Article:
[which?] throws over the words a kind of ------ [languid, spiritless] wave which levels the
sounds and blurs the meaning, with only the monotonous sound of your voice remaining.
In that moment, prayer abandons you. That which remains is the barren [empty] prayer of
the lips, which, in any case, is better than no prayer at all, because at least the flesh prays.
Be careful in your pronunciation of the words as to where you put the accent through the
modulation of our voice, [retaining?] their pious meaning, and keeping your attention
awake and your heart directed towards God.
If you pray in thought, know that our thought is more rapid than the uttering of words,
------------------------ [fie si in gind]. The word is slower than thought. Linguists ascertain
that the moment when we think, we are thinking in words, and especially, then when we
are praying or speaking with someone in thought, our phonetic (?) organ mimics the
uttering of the words, even though the vocal cords make less movement than when we
speak out loud. Nevertheless, these imperceptible movements have a certain inertia so
that the thought takes it much further before the mimicked pronouncing, and it jumps

over many words which remain only intended, and the accumulation of many words
unsaid divert us from the meaning of prayer, and we lose its sweetness. (DOES THIS
MAKE SENSE?) That is why we must pronounce carefully in thought every word, with
the same care which I also recommend for prayer said out loud.
Often our mind abandons prayer and goes to and fro far from God. However, what
remains is a light of vigilance which is kept alive by the angel of prayer. When our mind
runs off, stop the prayer for a moment and call your mind back. The presence of the angel
which helps you to pray will immediately be felt in the sense that the angel will remind
you of the exact moment in which your mind wandered offeven the words which you
had said the moment it fled. Resume the prayer from the phrase where that word was, and
continue to pray. Repeat this sanction of the mind, no matter how many times it wanders
and, with patience, you will manage to discipline it.
It is important for the reinvigoration (?not in dictionary) of prayer, when you feel that you
are tired and that the mind is ready to run off, to change the position of your body. Some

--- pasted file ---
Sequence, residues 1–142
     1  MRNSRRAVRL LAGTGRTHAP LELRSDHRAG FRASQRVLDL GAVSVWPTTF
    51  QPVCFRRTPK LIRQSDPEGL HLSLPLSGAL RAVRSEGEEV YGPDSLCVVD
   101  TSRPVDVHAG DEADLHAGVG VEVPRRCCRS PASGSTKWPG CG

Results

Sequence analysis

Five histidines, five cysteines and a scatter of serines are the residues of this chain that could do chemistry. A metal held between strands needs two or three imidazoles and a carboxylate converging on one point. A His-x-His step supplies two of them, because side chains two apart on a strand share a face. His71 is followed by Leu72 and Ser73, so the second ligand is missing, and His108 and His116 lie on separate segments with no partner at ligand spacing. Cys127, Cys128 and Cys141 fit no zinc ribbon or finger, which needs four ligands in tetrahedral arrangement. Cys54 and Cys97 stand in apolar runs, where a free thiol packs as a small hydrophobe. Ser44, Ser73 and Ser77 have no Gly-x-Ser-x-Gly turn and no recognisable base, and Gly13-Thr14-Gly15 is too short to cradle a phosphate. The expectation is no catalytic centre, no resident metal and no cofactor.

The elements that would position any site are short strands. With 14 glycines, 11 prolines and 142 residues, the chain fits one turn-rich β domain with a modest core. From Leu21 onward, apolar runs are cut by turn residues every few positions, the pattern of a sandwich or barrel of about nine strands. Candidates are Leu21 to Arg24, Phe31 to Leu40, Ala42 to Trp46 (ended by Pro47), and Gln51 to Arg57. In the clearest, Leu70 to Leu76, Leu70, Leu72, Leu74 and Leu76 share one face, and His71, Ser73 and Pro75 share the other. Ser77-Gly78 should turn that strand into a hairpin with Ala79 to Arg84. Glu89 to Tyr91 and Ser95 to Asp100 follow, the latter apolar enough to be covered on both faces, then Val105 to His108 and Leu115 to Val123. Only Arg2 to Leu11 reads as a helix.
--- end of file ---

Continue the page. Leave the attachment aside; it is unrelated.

changes can be more extensive, as, for example, the falling onto your knees if you had
been standing. Others are less extensive, but with the same exact effect. A simple change
of the position of the hands, such as, lifting them up or rotating the palms so that they are
turned up in supine position, or joining together the palms and bringing them up toward
your lips with your big fingers on the edge of your lips, or raising them above your head
all of these movements express actions of bodily piety which call your spirit back to
prayer from its wandering.
In regard to prayer, it is composed of many obligatory prayers, called the Beginning
Prayers or the Trisagion and is composed of: O Heavenly King, Holy God (three times),
O Most Holy Trinity, Our Father, Psalm 50, the Creed, and at least, one prayer to the
Mother of God. O Heavenly King is addressed to the Holy Spirit, Holy God is
addressed to the Father, O Most Holy Trinity is addressed to the Father, the Son and the
Holy Spirit. Our Father is addressed to God the Father (The Lords Prayer), Psalm 50 is
a prayer of repentance. These prayers are obligatory even for those who practice the
prayer of the heart.
It is very important to read the Akathists worshiping the Savior, the Mother of God, and,
if it exists, the Saint of the day, the Paraclesis to the Mother of God and the canons of
repentance. Finally, add prayers with special purposes: for parents, relatives, friends and
enemies and for the dead, etc.
All of these endeavors and personal prayers are not but a drop of water. The great prayer
saving and unifyingis the Holy and Divine Liturgy, from which the Christian cannot
be absent on the days that are fixed by the Church. Confession and Communion are
obligatory. They are the crown of our endeavors and put upon our prayers the seal of the
Holy Spirit and deify through the Body and Blood of Our Lord Jesus Christ, true God and
true Man.